Favorite Daughter, Part One
by Paula Margulies
I was not entirely satisfied with Paula Margulies’s Favorite Daughter, Part One. Certain aspects of the novel informed and entertained me. Other aspects disappointed.
I commend the author for her selection of subject matter. Historians know very little about Algonquian tribes that lived near the Atlantic coastal waters in the late 16th and early 17th Centuries. Their knowledge is limited to what English explorers and colonial leaders chose to report. The story about Pocahontas and John Smith that most people are familiar with – for instance, Pocahontas throwing her body over Smith to prevent his execution -- is Smith’s version of what happened. Historians question Smith’s veracity. The author has written a somewhat different account.
I compliment her additionally for detail she provides about Virginia Algonquian life.
I was interested in the food the Algonquian Americans ate and how it was prepared. The way the women carried water (in large, hollowed out gourds and in deer bladders) and how at least the elite villagers dried their hands (on downy bird feathers) intrigued me. The author’s detail about ceremonial dances was informative. For example, a successful group hunt was replicated afterward in the village by its women, representing the hunters, surrounding the men, dressed to represent the hunted. Closing upon the increasingly clustered “animals,” the “hunters” sang songs that urged the prey to surrender.
How the Algonquians identified objects entirely foreign to them and how they identified the passage of time was also intriguing. The
was called “the Great Waters.” An
English sailing ship was a “swan canoe.”
A musket was a “fire-stick.” A
year’s passing was called a change of leaves.
A month was a new full moon.
I appreciated the author’s portrayal of Powhatan. He is not the stereotypical fierce warrior, intimidator, and intractable enemy of the
settlement as he is often depicted.
Fairly early in the novel the author has Powhatan say this to Pocahontas. Jamestown
“In my sixty years, I’ve seen our people flee, to lie in the cold woods, feeding upon nothing but acorns and roots, with no rest, little food, and poor sleep,” he says. “We’ve prevailed, but we’ve lost many, and still the outsiders return. If our people are to survive, we must learn to live with the intruders. It’s only through friendship and trust that we bring safety to the people.”
Finally, the author’s narration of events leading to John Smith’s capture and his averted execution did engage me. Part of the appeal was the natives’ lack of knowledge about the Tassantassuk (the outsiders, i.e. the English). How Powhatan chose to engage the English, recognizing that every option had its risks, encouraged me eager to continue reading.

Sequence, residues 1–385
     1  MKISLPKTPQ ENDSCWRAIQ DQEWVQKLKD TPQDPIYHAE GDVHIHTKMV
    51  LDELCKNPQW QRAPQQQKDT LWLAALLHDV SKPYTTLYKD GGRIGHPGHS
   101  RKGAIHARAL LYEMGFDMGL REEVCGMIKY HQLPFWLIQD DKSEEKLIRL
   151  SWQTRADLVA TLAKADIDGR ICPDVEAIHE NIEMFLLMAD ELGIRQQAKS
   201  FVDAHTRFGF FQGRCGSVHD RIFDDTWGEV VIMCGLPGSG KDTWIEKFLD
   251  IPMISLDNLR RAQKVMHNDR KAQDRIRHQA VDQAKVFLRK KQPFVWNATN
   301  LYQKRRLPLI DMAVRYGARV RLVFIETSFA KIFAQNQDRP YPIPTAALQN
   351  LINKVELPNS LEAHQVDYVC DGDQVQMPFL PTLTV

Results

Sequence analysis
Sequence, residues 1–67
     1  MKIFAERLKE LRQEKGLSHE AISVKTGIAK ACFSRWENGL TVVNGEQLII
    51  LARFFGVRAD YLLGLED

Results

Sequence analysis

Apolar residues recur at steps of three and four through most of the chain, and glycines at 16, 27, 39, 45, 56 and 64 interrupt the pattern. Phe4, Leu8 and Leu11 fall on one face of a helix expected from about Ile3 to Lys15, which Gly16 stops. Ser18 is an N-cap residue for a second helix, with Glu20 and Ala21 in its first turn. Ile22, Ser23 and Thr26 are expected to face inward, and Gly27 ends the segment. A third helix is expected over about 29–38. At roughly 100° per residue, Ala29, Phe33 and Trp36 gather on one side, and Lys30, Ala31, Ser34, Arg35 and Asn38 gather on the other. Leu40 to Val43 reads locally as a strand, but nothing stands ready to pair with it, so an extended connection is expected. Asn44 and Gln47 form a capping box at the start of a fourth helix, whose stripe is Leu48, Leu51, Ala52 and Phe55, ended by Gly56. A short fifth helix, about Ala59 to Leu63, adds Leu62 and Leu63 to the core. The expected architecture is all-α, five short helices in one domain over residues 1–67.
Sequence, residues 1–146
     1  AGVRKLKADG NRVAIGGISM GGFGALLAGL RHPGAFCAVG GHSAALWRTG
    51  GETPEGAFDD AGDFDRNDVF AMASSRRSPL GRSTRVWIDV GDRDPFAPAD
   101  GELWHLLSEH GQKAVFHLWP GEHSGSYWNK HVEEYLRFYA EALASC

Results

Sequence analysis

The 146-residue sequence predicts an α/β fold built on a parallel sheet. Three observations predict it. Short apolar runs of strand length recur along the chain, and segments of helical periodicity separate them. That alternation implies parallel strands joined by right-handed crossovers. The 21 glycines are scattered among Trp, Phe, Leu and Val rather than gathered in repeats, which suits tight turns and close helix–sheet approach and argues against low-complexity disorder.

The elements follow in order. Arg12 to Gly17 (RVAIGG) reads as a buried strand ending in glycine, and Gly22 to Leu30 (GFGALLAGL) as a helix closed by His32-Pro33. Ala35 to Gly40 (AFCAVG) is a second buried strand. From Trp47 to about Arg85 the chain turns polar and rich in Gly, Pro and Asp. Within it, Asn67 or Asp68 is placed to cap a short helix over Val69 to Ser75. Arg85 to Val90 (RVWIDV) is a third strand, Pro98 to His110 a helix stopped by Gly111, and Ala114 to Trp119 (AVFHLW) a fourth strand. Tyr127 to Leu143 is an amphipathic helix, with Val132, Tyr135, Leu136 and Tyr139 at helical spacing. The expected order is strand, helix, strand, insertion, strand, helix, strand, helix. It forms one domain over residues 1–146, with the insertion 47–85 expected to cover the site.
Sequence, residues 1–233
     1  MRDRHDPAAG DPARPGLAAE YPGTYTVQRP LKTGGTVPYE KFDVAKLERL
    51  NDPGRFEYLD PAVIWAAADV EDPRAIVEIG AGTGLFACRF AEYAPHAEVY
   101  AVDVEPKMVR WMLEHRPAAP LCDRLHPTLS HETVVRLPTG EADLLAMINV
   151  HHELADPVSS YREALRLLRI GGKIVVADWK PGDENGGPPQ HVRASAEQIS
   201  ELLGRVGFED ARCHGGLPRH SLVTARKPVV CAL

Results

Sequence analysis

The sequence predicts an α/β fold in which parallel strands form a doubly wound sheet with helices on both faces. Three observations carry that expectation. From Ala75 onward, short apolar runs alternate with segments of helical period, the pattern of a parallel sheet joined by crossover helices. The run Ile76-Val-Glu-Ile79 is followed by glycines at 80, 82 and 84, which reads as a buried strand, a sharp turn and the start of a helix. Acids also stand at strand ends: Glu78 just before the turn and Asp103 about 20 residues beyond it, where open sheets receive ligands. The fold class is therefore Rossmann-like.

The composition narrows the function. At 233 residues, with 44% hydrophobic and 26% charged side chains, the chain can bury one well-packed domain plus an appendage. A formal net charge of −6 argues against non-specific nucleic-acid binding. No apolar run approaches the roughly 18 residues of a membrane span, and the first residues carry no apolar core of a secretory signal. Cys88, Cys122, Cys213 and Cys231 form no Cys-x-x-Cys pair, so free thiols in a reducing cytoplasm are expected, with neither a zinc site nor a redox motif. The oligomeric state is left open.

Much as I liked certain aspects of the novel, I was not satisfied with the entirety of it.
First, although the author’s narration is professional enough throughout, in no specific place did I consider it exceptional. I did like many of the similes Pocahontas uses because she relates sensory impressions to facts of nature.
“still as stones at the bottom of a river”
“limbs twisted like the oak tree”
“her arms and legs brown and smooth like the skin of a water snake”
“his hair hangs to his shoulders like wet vines”
I felt, however, that her presentation of sensory description in scenes involving dialogue could occasionally have been more precise, more what the senses actually experience than what the mind easily generalizes. The narration in the example below is a good example. It is adequate, not exceptional.
The urge to run after him is strong; I take a step in his direction and then stop when I see Winganuske [her father’s newest wife] at the door of my father’s house.
“What’s the matter, Pocahontas?” she murmurs. “Is your future husband leaving you already?” The smile on her face does not match the tone of her words.
“He is not my husband,” I mutter, the skin on my cheeks burning.
“And whose fault is that?” she asks.
“You don’t know anything about me and Kocoum,” I say, my lips quivering and my voice shaking in my throat. “Why can’t you leave us alone?”
Second, I am not a fan of first person narration. Pocahontas tells us her thoughts, feelings, understandings, and actions. At the beginning of the novel she is eleven-years-old. Her primary conflict, once we get past Smith’s averted execution, is her difficulty in making a life-changing choice. Should she marry her handsome suitor with whom she has had sex and thereafter immerse herself entirely in the ways of her culture or pursue her remarkable opportunity (her friendship with Smith) to grow beyond the limitations of her culture by learning what the strange, intriguing Englishmen could teach her? It is a worthy conflict around which an engrossing historical novel could be constructed, but I felt the author fell short of accomplishing that. (Maybe her forthcoming second installment -- Part Two -- will succeed) Instead, we read repeated questioning of whom she really loves, the suitor or Smith. The novel ends without any progress being made toward resolving the conflict. To pad content, the author invents other conflicts: her father’s newest wife clearly dislikes her; her best friend disappears after Powhatan chooses the girl to sleep with Smith, a native custom afforded guests. After Smith is released by Powhatan to return to
lost interest in the novel. The only
question that I wanted answered was how much more would Powhatan tolerate being
used by the English before he accepted the fact that he could not live next to
them in peace. Utilizing third person
points of view that focuses on Powhatan and Smith as well as Pocahontas would
have dramatized better the second half of the novel. Jamestown